Thursday, February 27, 2014

What makes glass valuable?

The discovery that a simple mixture of sand (silica) and sodium carbonate could make glass is attributed to the Mesopotamians 5,000 years ago. We still depend on this formula today, exploring its versatility and beauty in countless ways.

Age is not an accurate barometer of value when assessing glass. A colourful 1950s Murano vase might be worth more than a 2nd century AD Roman glass phial. The assumption that a roughly made piece must be old, or that glass full of bubbles is an antique, isn't necessarily true either.

The art of making fine glass was mastered many centuries ago and it is such a versatile medium that over many millennia it has been fashioned into a diverse selection of articles. Differentiating between valuable pieces of 1930s Murano glass, an 1880 Bohemian overlay vase or a 1790s English Beilby enamelled drinking glass could make the difference between selling an items for a few hundred pounds or tens of thousands.

Over the centuries, the basic recipe for making glass has been refined. The addition of lime transformed humble water-soluble soda glass into the more durable soda-lime glass that accounts for most of our everyday glass objects. The use of potash and lead oxide were pioneered by leading glass-makers such as Englishman George Ravenscroft in the late 1600s. The term 'lead crystal' dates from this period. It denoted a higher quality glass with an enigmatic sparkle, prevalent in old glassware made for the table. people still refer to their best glass as 'crystal'.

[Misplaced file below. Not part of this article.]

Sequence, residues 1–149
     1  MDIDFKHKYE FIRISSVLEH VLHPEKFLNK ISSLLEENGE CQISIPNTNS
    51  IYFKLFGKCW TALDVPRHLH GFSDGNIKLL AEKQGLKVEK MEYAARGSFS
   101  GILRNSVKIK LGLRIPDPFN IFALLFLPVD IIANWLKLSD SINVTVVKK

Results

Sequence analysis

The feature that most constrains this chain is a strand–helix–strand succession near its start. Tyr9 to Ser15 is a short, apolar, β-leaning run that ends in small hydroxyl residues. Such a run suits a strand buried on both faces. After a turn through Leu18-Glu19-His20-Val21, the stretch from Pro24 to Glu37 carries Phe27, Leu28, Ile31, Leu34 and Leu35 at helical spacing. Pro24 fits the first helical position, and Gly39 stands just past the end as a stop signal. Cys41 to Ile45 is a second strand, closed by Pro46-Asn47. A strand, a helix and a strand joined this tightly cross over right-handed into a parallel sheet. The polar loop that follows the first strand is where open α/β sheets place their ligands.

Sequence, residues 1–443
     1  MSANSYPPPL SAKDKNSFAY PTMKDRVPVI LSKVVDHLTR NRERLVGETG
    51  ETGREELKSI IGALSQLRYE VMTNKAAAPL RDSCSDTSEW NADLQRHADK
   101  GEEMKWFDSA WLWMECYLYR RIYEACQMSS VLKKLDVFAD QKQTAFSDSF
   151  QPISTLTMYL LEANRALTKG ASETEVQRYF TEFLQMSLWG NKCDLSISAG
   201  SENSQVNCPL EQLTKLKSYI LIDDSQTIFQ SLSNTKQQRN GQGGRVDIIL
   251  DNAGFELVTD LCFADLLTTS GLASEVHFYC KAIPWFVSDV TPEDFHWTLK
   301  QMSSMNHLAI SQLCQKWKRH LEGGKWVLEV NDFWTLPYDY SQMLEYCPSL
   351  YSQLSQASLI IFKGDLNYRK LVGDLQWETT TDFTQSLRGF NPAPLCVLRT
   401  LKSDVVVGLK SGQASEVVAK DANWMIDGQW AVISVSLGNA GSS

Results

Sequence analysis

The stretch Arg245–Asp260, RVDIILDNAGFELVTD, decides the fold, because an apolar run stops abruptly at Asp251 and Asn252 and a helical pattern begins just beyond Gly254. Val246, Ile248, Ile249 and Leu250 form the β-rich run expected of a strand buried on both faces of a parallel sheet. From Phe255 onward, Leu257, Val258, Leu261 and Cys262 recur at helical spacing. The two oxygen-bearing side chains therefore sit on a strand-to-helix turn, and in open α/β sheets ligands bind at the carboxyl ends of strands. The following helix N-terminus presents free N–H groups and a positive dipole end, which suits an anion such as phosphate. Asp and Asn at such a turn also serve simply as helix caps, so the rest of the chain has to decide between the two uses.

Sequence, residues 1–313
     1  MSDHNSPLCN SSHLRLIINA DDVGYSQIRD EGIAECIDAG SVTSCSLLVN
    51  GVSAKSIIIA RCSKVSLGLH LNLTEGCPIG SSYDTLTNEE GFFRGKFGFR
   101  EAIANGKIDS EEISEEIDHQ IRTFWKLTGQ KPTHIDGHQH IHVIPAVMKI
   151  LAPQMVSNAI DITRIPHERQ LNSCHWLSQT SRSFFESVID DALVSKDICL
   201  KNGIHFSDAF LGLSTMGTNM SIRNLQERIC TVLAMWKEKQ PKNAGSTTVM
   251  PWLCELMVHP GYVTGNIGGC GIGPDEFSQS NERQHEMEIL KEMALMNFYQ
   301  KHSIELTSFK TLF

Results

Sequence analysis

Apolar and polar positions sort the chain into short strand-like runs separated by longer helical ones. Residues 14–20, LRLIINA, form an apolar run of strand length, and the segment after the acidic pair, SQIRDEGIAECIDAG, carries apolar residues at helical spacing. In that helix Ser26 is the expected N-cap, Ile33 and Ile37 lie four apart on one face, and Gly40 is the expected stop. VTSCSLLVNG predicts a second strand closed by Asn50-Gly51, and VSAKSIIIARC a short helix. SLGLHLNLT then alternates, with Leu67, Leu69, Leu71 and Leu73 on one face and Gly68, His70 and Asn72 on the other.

It is worth looking to see if you have any 18th or 19th-century glasses lurking in the back of a cupboard. Often surviving as single entities, they sit unused for lack of matching companions or perhaps they simply don't hold much liquid. Ale glasses from the 18th century are a case in point; usually conical with perhaps a spiral or 'wrythen' body, their small measure is an historical testament to the strength of 18th-century brews. typical examples sell from around GBP 30-80, more for a less common design or one with an engraved pattern.

The art of cutting, engraving and polishing glass is another important aspect. Machine-made glass must never be discounted. Depression glass is popular in the United Stated; 19th-century British pressed glass manufacturers, such as Sowerby and John Derbyshire, are collected, although they are unpopular at the moment. There are even collectors of Pyrex, who can pay up to GBP 15 for a 1950s lemonade jug with six glasses.

The best place to sell art glass from any era and rare drinking glasses is at auction. Pieces from the 20th century will do best in a dedicated 20th-century design sale. Or try specialist dealers or sell online.

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